I was wondering what the best N-P-K ratio in fertilizers would be for tomato plants producing fruit already?
As a general rule Nitrogen rich fertilizers are good for leaf and stem growth. For fruit growth, use a low nitrogen fertilizer that has a good phosphorus content. This is a general statement though and some plants might prefer slightly different mixes. My tomatoes have always done well with high phosphorus fertilizers in the fruit stage.
Phosphorus (the second number in the N-P-K ratio) encourages flowering, and therefore fruiting. Once a tomato plant starts flowering, it needs a higher ratio of potassium (the third number in the N-P-K ratio). (Good organic sources of potassium are granite dust and wood ash.)
Two fertilizers specially formulated for tomatoes are Miracle Grow for Tomatoes (18-18-21) and Tomato Tone (4-7-10), a granular fertilizer that is worked into the soil. Tomato Tone is organic and contains calcium, magnesium, sulfur and trace nutrients.
Here is a link that might be useful: Kinds of tomato fertilizer: what nutrients tomatoes need
MG is NOT formulated for tomatoes, regardless of the marketing hype. I have yet to see any Calcium as one of the ingredients.
Tomatoes Alive! (sold by Gardens Alive) is another really good one. I've had great results with it this year.
Just because it doesn't have calcium on the list doesn't mean it's not good for tomatoes. If growing tomatoes in the ground there's probably enough calcium already there. Container plants are a different story.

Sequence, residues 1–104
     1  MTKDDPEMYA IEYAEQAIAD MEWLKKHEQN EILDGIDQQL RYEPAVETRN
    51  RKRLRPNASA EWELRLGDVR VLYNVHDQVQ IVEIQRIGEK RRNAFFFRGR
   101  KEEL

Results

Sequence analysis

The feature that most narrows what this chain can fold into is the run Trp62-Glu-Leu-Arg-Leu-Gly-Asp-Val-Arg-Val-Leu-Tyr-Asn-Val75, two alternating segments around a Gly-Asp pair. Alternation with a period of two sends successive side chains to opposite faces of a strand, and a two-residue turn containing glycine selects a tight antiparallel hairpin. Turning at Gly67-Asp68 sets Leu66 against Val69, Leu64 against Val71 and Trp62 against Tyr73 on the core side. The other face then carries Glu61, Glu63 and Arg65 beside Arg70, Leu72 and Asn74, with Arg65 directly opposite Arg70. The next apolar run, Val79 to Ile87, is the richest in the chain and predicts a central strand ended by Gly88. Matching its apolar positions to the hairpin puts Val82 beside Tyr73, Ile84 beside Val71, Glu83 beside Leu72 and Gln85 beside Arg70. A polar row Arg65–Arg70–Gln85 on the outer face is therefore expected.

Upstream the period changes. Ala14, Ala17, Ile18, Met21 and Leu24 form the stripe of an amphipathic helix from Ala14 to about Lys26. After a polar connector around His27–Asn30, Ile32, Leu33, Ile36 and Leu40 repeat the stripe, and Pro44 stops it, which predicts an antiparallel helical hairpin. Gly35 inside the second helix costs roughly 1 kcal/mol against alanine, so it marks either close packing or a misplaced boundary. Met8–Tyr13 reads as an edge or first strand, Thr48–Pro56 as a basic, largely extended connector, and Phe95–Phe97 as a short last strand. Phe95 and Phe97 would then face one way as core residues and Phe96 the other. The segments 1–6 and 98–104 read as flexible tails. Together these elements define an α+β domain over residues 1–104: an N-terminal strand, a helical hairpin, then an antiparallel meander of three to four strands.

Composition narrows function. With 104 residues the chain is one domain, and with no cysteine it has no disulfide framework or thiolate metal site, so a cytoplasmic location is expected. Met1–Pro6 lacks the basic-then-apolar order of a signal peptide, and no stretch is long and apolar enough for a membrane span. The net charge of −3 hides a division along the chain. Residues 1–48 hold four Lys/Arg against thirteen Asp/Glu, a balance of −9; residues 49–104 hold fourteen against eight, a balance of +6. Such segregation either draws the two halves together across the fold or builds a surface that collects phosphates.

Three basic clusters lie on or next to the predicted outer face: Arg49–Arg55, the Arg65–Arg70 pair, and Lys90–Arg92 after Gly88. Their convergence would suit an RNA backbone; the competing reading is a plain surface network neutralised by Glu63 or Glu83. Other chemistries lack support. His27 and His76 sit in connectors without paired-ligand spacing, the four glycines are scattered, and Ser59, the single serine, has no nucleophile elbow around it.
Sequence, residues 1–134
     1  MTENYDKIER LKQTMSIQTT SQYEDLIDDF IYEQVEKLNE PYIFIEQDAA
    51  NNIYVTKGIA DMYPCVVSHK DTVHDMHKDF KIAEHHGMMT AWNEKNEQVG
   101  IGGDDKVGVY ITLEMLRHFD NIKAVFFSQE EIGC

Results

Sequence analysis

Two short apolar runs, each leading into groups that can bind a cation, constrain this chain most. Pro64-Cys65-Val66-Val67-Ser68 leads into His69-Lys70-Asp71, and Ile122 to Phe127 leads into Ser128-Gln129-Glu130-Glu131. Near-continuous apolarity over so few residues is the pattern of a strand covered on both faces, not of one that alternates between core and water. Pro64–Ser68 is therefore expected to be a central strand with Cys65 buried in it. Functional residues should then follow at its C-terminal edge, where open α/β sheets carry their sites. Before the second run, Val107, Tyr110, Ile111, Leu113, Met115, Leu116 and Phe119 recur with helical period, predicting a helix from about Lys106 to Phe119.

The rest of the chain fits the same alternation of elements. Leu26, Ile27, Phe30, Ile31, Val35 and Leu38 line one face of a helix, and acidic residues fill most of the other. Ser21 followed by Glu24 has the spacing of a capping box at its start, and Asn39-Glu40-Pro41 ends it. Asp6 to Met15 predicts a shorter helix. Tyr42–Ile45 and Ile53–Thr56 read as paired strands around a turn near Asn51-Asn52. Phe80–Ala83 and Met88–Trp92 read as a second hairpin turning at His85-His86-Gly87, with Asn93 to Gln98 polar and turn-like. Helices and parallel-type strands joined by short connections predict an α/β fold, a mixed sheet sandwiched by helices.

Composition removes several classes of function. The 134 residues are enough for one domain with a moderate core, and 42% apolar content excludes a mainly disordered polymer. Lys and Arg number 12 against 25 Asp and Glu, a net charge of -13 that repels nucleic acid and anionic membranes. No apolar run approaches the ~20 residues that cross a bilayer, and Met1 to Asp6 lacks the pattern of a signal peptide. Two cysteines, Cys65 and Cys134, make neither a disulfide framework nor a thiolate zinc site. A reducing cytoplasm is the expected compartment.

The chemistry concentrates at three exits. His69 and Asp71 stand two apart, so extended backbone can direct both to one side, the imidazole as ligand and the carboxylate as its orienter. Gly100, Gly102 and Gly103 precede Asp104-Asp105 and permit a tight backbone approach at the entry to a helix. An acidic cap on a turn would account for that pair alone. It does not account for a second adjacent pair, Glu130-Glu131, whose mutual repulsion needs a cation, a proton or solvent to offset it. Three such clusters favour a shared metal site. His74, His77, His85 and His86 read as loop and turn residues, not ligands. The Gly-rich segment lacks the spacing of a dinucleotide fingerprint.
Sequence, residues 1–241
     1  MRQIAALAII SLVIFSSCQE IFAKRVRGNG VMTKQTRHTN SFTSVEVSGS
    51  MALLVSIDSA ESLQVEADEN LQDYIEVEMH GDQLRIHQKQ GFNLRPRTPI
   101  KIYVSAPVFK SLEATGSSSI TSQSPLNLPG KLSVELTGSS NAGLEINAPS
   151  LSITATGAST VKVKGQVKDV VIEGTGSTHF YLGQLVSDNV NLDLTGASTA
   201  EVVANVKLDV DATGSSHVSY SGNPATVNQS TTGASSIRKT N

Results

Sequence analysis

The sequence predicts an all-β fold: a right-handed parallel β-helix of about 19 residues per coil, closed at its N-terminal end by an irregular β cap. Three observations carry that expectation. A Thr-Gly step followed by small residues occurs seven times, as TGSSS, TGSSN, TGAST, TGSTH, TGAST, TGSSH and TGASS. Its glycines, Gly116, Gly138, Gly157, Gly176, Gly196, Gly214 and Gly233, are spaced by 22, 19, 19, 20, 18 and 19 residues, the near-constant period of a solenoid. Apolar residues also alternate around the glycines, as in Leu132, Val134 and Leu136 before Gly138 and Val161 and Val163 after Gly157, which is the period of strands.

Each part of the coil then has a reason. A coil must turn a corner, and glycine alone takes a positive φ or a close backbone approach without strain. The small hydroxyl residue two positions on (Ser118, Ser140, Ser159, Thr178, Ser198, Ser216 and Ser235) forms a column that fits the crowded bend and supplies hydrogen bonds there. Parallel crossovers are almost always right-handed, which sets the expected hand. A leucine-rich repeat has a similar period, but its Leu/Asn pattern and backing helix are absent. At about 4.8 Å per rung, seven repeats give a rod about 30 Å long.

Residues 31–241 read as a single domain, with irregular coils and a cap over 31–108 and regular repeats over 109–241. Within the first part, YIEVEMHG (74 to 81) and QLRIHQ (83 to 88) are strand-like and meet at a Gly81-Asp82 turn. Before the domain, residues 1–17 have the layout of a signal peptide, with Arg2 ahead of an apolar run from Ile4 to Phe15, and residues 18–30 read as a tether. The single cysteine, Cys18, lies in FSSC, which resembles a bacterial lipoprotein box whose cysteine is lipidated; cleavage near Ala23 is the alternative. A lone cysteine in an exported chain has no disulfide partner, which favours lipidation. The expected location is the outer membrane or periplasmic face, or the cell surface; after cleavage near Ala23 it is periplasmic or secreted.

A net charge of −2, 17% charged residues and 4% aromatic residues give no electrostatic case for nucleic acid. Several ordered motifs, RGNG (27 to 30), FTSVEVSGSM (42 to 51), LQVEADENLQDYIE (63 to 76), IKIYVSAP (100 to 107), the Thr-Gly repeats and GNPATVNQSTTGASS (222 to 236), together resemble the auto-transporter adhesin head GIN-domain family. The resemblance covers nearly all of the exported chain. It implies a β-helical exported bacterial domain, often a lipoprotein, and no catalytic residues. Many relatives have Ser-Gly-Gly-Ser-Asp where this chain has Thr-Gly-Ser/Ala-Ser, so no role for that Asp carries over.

True! But because I write a bunch about gardening, lots of people ask questions. One of the most common ones (this is a very urban area and a majority of people grow in containers) is what is causing black spots on the bottom of my tomatoes. I'm guessing about 95 percent, when asked, say they use MG. So I'm on Crusade.
Besides, I have a (never mind) for the company. Was in a pinch one day this winter, needed some potting mix and found some MG. Bought the small bag, found a 3.2 ounce rock in it. Contacted Scott's (not far away - Marysville, OH), sent them the picture and they said they would refund my money. Never did!
IM(not so)HO, Scott's/Miracle Grow and Reimers are two peas in a pod - advertise a bunch, let your name help you attract customers and don't really care if you lose a few thousand each year. There will be more than enough to replace them the following season!
This reminds me of an age old discussion. "Which oil to put in yer Harley" lol. Ask 7 different people you will get 7 different answers. My two cents on this...... start off with an organically rich soil, maters love the peat moss and sphagnum moss mixed in if ya dont got yer own compost brewin. If ya want the plant to have a growth spurt go ahead and use that MG. after ya got that plant where ya want it as far as size and foliage and such stop ferting it. After a week or two and ya dont see any progress kick in some low nitrogen ratio stuff.
I buy crushed oyster shells from our local feed store for
calcium. I add it to my planting medium and am assuming that
it is good for the entire growing season, but don't know that
as a fact. I also have used crushed egg shells, bu the
oyster is easier. LOL
If you live in an area with hard water coming out of the tap and use that to water your garden then it is already getting more than enough calcium.
Last year I used Tomato tone with very good results. In the past I have used 12-24-12 at flowering time. It works quite well also, but TT is organic.
I use Gardener's Supply tomato food. It's a 5-6-5 and I use it when I first plant the tomatoes and in mid-season.
When they are just seedlings, I use PHC Seedling Care and the babies are happy little campers.
I am composting this year for the first time. Does anyone know the best way of checking the NPK ratio of compost? Any soil test recommendations? Obviously, everyone's compost will be different as everyone has slightly different ingredients. Also, do compost teas have the same ratio as the compost they are made from or are they more/less concentrated?